Do you think there as there been some noticeable change in our climate?  Have humans had any role in that?  If there has been some change in the climate for whatever reason, will it have an impact on crop yields?  If there is an impact on crop yields, would you be more willing to buy crop insurance, modify farmland leases to manage risk, or get out of farming? And by the way, do you believe the El Niño/La Niña weather cycle is real and affects agricultural production where you live?

Those questions have really never been asked of farmers in any official research until now.  There is quite a bit of political controversy about the topic of climate change, and different sides of the political aisle generally line up for and against. 

But what do farmers think about that issue, particularly the ones who may be impacted, if, indeed, the climate is changing?  Some thorough research about farmer perceptions of climate change has been reported by Roderick M. Rejesus, North Caroline State University; Maria Mutuc-Hensley, Texas Tech University; Paul D. Mitchell, University of Wisconsin; Keith H. Coble, Mississippi State University; and Thomas O. Knight, Texas Tech University. 

Their work focused on 1,300 farmer opinions in North Carolina, Texas, Wisconsin, and Mississippi during the spring of 2009.  In addition to the thought-provoking questions, some demographic data was also collected to determine trends among various groups of farmers.  That data included ages, financial position, and farm organization membership.

Climate change opinions

In the 4 states, 15 percent to 20 percent of producers strongly disagree that climate change has been scientifically proven, however 20 percent to 30 percent of producers have no opinion, and 24 percent to 36 percent of farmers either agree or strongly agree that climate change is a fact of nature.

Are humans to blame?

The researchers report, “Overall these results indicate that nearly one-third of producers have no opinion on this issue with the remaining two-thirds weighted toward agreement or strong agreement in all states but Texas, where almost half of producers do not believe that human activity is a cause of climate change.”

Normal weather cycles

If you are asked whether normal weather cycles explain most or all of the recent changes in climate, a positive answer would certainly be joined by a majority of farmers.  In agreement with you would be 76 percent in Mississippi, 71 percent in Texas, 66 percent in Wisconsin, and 61 percent in North Carolina.

El Niño/La Niña

When asked if those weather patterns are real and affect agriculture, very few farmers either strongly agree or disagree, and most are in between.  However, the researchers say, “Like with earlier questions, the percentage of producers who have no opinion on this topic is fairly large, ranging from 17 percent in Texas to 27 percent in Wisconsin. However, on balance, there is a strong tendency toward agreement with this statement. Roughly 50 percent of producers in all states express agreement that El Niño/La Niña cycles exist and affect agricultural production where they farm.”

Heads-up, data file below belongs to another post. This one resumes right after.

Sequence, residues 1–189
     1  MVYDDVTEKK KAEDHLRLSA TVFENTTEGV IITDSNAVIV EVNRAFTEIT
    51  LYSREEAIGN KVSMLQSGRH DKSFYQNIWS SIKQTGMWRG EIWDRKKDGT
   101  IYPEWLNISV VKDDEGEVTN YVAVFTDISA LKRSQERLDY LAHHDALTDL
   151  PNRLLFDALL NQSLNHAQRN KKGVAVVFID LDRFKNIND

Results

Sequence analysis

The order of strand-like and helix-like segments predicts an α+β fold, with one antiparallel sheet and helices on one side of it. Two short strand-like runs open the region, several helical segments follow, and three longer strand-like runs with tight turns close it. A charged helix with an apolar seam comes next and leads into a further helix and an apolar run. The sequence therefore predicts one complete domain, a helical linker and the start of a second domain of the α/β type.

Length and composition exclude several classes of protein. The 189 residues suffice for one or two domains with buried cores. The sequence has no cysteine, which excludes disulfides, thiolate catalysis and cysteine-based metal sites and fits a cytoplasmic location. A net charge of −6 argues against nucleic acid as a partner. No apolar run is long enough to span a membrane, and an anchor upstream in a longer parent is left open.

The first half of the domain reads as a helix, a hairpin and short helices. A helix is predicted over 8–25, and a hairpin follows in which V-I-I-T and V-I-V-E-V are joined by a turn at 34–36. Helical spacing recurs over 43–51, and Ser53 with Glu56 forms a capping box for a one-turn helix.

Impact on yields

For the most part, producers expect little impact, except for those who are convinced the climate is changing, according to the researchers.  They add, “It should be noted, however, that only a small percentage of producers expects climate change to either increase or decrease their expected yields by more than 10 percent in the next 25 years. Of the surveyed producers who strongly agreed/agreed that climate change is scientifically proven, 32 percent (14 percent) expected average yields to decrease (increase), whereas over half did not expect any change in yields of over 5 percent as a result of climate change.”

Options for risk management

If yield decline is expected from climate change, how would you manage your yield and revenue risk?  30 percent of the respondents had no opinion about crop diversification, but 44 percent to 51 percent think more diversification is likely or very likely. 25 percent had no opinion on the use of irrigation.  But more than 50 percent of Mississippi farmers expect to see more irrigation, while less than 25 percent of farmers in other states expect more irrigation. Regarding crop insurance, 42 percent to 56 percent of producers believe crop insurance is a likely or very likely response to extreme weather.

Planning for the future

For those farmers who agree that climate change is inevitable, what plans are they making for the future?  The researchers report, “roughly half indicated that farmers are likely/very likely to diversify crops more (51 percent), buy more crop insurance (55 percent), modify lease/rental arrangements (51 percent), exit farming (50 percent) in response to extreme weather in their location and approximately one-third (32 percent) responded that farmers are likely/very likely to irrigate more.”

Who thinks what?

  • Producers who attended at least some college tend to agree that El Niño/La Niña affects local agricultural production.
  • Older producers with presumably more farming experience are more likely to believe that humans are responsible for climate change but less likely to agree that El Niño/La Niña affects local agricultural production.
  • Producers with over $1 million in farm assets are likely to disagree that climate change has been scientifically proven.


Farmers are skeptical about the existence of climate change because it is quite slow, and trends are interrupted by other weather events.  Those who believe in climate change believe that it must be managed through risk management strategies.  Most farmers believe the weather is the result of certain cycles, possibly El Niño and La Niña, but the existence of changing weather conditions will need to be managed in some degree.

Source: Farmgate Blog